3. thanks for the tip- I'm going to use a song in my head to get into rhythm, and I particularly like "Man in the Mirror" sung by Michael Jackson.
  4. Speaking of missing, I missed the green on the left side yesterday, and it made me think how sticking to a fade shot is better than pushing it way out to the right as a right-handed golfer. I've tried to draw the ball before only to push out to the right towards OB. With that said, a fade certainly has it's advantages for more of the course for a right-handed golfer. My fade also also lands softer compared to my draw, but could different for other golfers with different angles of impact.
  5. I've read in child development books that the middle school age is a good time to put kids into sports because their motor skills are more developed. With that understanding, I don't pressure my son into becoming Tiger Woods at 9.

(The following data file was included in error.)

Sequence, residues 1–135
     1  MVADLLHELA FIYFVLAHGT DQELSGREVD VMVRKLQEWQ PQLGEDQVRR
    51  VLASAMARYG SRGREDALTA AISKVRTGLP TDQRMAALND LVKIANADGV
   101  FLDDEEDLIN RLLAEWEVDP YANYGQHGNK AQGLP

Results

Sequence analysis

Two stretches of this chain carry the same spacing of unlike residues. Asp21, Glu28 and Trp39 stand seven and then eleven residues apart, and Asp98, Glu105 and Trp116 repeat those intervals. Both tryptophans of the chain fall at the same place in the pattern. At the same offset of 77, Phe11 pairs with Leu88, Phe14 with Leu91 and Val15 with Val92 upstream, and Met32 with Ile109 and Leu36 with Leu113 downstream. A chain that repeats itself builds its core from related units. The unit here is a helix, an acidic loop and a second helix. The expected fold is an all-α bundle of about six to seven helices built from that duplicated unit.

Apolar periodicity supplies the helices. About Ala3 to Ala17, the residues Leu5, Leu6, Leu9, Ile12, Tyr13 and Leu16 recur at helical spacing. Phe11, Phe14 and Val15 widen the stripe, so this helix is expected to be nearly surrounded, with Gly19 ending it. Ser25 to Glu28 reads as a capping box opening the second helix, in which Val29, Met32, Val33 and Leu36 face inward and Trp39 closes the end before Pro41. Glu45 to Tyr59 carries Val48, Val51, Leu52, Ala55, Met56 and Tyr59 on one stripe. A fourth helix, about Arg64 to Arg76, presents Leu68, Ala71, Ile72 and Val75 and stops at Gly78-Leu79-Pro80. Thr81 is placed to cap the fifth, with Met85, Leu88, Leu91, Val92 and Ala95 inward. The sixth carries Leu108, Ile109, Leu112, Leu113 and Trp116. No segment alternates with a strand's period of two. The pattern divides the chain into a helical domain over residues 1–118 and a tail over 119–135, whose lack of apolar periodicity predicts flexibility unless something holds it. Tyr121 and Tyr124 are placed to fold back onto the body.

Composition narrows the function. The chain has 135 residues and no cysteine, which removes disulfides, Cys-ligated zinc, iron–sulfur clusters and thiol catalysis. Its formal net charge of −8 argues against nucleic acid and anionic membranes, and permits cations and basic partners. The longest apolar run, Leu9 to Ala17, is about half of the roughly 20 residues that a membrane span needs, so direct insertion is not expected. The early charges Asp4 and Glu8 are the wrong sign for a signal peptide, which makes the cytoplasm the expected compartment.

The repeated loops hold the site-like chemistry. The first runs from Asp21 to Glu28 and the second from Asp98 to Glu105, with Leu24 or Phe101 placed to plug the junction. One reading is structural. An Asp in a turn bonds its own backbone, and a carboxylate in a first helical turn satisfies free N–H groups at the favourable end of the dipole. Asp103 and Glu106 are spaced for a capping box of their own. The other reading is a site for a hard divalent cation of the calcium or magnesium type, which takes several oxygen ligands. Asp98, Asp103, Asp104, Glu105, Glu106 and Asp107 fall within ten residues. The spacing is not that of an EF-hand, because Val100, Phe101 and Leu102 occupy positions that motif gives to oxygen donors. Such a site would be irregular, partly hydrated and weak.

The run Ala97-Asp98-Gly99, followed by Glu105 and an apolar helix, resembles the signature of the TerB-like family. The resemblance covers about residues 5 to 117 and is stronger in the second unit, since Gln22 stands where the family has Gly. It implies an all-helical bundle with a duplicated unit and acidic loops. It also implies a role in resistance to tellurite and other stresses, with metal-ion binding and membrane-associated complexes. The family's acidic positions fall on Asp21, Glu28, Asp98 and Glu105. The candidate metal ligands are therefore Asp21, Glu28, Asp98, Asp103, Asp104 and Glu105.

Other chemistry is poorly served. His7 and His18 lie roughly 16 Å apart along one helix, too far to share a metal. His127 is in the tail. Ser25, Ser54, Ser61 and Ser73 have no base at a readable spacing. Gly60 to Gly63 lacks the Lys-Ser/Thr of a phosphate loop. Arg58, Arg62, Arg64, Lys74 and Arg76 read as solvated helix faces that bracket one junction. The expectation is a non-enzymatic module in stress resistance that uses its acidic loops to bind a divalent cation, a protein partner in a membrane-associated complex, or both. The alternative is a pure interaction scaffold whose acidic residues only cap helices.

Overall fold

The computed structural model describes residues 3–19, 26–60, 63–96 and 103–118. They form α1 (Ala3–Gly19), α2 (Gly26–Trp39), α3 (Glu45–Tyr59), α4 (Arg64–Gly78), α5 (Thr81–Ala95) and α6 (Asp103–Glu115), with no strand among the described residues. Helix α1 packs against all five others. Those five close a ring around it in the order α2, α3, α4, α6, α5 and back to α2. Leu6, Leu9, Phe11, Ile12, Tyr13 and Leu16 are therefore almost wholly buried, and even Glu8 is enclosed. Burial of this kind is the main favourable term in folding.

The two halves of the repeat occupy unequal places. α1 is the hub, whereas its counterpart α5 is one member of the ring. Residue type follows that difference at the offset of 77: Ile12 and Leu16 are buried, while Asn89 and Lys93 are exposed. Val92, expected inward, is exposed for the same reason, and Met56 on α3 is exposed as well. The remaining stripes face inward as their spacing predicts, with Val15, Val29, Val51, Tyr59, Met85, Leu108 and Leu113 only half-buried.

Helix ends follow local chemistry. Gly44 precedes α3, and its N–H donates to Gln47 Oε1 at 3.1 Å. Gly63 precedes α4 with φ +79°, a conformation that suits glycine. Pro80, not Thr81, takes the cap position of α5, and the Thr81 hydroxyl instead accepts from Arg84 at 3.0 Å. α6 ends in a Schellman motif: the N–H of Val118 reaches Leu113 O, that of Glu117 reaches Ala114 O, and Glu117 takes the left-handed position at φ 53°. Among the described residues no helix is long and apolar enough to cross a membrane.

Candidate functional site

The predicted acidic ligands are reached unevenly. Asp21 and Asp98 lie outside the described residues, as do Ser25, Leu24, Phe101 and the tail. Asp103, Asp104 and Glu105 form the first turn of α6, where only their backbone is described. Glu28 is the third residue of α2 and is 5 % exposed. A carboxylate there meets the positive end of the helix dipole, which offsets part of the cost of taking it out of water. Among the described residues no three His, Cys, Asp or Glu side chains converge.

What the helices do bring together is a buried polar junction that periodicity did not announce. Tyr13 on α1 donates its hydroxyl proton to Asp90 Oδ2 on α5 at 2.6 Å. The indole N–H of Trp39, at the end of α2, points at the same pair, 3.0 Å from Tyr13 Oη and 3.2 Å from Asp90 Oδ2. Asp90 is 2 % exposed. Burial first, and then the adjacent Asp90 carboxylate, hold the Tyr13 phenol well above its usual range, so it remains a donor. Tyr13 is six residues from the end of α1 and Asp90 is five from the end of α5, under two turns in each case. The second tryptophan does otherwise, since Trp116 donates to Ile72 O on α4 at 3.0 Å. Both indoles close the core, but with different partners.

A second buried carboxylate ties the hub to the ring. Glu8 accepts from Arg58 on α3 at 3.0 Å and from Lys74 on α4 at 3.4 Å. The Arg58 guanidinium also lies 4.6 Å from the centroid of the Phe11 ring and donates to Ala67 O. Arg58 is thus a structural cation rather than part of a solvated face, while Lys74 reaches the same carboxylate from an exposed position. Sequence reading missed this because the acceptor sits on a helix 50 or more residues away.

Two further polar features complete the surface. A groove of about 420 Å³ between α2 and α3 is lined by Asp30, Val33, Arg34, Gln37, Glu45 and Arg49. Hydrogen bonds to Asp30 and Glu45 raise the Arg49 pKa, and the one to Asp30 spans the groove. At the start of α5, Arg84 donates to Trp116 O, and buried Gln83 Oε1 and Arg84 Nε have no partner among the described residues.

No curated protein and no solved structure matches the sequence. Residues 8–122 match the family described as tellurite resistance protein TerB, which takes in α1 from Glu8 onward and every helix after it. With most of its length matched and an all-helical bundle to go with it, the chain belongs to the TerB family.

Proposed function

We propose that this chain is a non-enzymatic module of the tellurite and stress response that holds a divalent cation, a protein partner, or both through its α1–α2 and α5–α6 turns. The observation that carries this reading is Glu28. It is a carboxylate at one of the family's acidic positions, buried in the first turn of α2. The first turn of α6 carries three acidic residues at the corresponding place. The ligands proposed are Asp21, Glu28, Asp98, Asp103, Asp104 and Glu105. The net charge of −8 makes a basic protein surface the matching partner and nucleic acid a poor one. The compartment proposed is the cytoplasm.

6. Thanks for sharing, so if you played on average once a week from the age of 5 to 14 then, as an adult, I should be able to improve on a progressive rate given that I have a car to get to the course, money to expend, developed muscles, and the ability to play more often because I don't have homework to complete. In reflecting on last week's 9 hole score, I can see that I've become competent at ball striking compared to months ago. I was at +3 after 4 holes and then my ego got in the way chose a risky tee shot over just getting it in play. I had two blow holes because I tried something new. I understand course management concepts, but applying it consistently still needs work.
  7. Oh Wise One, I hope to one day know what it's like to shoot near scratch. I'd like to hear more; did you pick up golf one day and realized that you shot in the 80s and 90s without formal training, and then shot scratch after spending a few years to train? What was your journey like to progress to 2.8?